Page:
My interest is in the use of software for use by architects and designers. I always start any training class with definitions.
What is CAD?
CAD is a generic term that means “Computer Aided Design” and is used to indicate a class of software that is used to create dimensionally accurate drawings. You may also see it spelled CADD which stands for “Computer Aided Design and Drafting” there is no difference between the class of software these two terms refer to. Sometimes you may see references to CAD/CAM. CAM is Computer Aided Manufacturing. Although all CAD programs have many things in common, CAD/CAM programs are specifically intended to design and manufacture products and aren’t typically used for architecture. Any CAD program can be used to draw architectural construction documents.
Who is Autodesk?
Autodesk, Inc. is a software company based in Sausalito, California. Autodesk develops and markets a variety of software programs. Autodesk owns, develops and markets several graphics software programs. The three CAD programs they have of most interest to architects are AutoCAD, AutoCAD Architecture, AutoCAD LT, and Revit.
What is AutoCAD?
AutoCAD is the name of a CAD program first introduced in 1982. It is a general purpose CAD program, and was the first CAD program that would run on a Personal Computer. Most architects in the United States use AutoCAD.
What is AutoCAD Architecture?
AutoCAD Architecture is AutoCAD with additional architectural design and drafting tools. Many architects use this. It provides many features that can save time in producing architectural drawings.
What is AutoCAD LT?
AutoCAD LT is the name of another CAD program. It is sometimes referred to as AutoCAD Light, although its name actually is AutoCAD LT. It is basically AutoCAD with some functionality removed. Most notably it lacks some 3D modeling and custom programming capabilities that are included in AutoCAD. This is an excellent alternative to AutoCAD for those architects that don’t need 3D modeling capabilities and have no need for custom commands and menus.
Are there other CAD software programs?
Yes. There are many. Here is a link to a list of general Purpose 2D and 3D CAD Programs
What is BIM ?
BIM does not mean 3D, but it does typically use 3D dynamic building modeling.
BIM is sometimes used to refer to parametric objects, but that is a sloppy definition.
BIM is often used to mean Revit, but that’s not correct. Revit was not even the first BIM software product. Autodesk adopted BIM as a marketing term and it has caught on. It was intended to separate Revit from its competitors, but now they all use it. Revit is so much different from AutoCAD or ADT that many people that use Revit refer to it as BIM and to everything else as CAD.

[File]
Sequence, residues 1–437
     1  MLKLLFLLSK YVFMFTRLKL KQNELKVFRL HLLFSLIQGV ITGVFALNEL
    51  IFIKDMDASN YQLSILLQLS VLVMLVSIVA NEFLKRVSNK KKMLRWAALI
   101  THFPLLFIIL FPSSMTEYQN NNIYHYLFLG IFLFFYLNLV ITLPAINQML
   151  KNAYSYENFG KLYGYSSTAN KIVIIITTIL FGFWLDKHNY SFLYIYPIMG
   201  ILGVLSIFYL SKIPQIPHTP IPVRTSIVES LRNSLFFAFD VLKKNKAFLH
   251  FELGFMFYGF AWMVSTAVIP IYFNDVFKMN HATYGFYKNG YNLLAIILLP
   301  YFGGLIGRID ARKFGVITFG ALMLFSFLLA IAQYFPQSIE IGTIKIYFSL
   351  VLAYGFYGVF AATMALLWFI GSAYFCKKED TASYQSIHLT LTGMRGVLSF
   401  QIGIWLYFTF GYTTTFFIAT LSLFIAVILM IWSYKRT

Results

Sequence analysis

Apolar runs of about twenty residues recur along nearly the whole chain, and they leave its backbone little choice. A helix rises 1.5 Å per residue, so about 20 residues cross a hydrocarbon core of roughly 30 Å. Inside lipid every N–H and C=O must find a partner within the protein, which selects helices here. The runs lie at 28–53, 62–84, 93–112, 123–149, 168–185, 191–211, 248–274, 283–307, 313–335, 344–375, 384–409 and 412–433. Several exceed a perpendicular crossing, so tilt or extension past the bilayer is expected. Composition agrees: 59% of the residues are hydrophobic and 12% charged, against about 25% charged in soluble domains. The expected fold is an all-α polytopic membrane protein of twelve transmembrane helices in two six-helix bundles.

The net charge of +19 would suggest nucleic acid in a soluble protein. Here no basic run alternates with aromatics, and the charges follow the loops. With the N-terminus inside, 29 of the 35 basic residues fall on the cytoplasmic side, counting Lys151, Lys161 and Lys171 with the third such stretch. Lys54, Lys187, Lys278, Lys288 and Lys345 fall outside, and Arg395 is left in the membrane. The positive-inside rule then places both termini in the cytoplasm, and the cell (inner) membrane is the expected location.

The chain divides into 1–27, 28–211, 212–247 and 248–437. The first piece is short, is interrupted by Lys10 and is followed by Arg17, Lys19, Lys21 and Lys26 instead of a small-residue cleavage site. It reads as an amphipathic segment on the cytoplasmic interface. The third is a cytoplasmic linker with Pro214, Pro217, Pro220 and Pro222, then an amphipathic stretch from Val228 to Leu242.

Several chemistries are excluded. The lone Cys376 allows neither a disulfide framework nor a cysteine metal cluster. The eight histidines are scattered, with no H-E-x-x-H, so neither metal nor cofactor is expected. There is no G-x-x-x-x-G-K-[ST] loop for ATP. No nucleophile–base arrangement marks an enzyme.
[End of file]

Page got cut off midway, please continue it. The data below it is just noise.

BIM stands for “Building Information Modeling”. It is the process of generating and managing building data during its life cycle.
Are there other BIM software programs?
Yes. The most popular are;
ArhiCAD (Graphisoft) – arguably the first BIM software program.
Microstation or Bentley Architecture (Bently)
Vectorworks Architect (Nemetschek)
Architectural Desktop (Autodesk) – This is the previous name for AutoCAD Architecture – many don’t realize that this was also marketed as a BIM program.
What is Revit?
Revit is a parametric building modeler for architects and building design professionals. It was built from the ground up as a tool architects, and it shows. Revit is a CAD program. And, yes, it is also a BIM program.
How does Revit compare to AutoCAD.
Some of the biggest changes (and improvements) are things Revit does not have.
Some things Revit does not have;
|user coordinate system (UCS)||Colors|
|Plot routines||Color dependant plot style files|
|Command Line||Cursor crosshairs|
What are the basics of Revit?
There are 2 kinds of objects in Revit; 3D objects and 2D objects.
You place and modify 3D objects to build a virtual 3D model of your building.
In the set of sheets typically needed for a building project, there may be some 3D views, but each sheet will primarily contain one or more 2D drawings. In Revit, each of these separate drawings is a different view of the same 3D model of the building. These “project views” of the model make up the plans, reflected ceiling plans, sections, elevations, and details. One of the very clever things that the makers of Revit did was to let you work in these 2D views to create the 3D model. You will be working in 2D most of the time, even when drawing 3D objects. 2D entities are used to “finish” these 2D views by adding things like dimensions, crosshatch, or 2D lines to show more detail. These 2D entities will only show up on the 2D view they are drawn in.
Different types of entities behave in different ways. Take walls for example. Doors and windows can only be placed in walls. If you create a 3D shape (sloped, curved, basically anything you can think of) and call it a wall, you can then place a door or window in it. You can create your building using more or less “standard” construction techniques. Or, you can go completely crazy and create any shape you want. If you call it a wall, it will behave like a wall. The same is true for all of the other entity types; floors, ceilings, slabs, roofs, columns, etc. Revit typically provides you with a set of generic entities to use, and tools to place or draw them in 3D. You can copy or modify these, or create your own.
For each type of 3D object, such as a wall or a door for instance, you can define what you want it to look line in a 3D view or projected onto a 2D view (like an elevation). You can also define what it looks like when cut in plan or section. (Plan views can look different from section views.) You can also define, for each of these views, what it will look like in a “coarse”, “medium”, or “fine” level of detail which allows for a different amount of detail at different scales.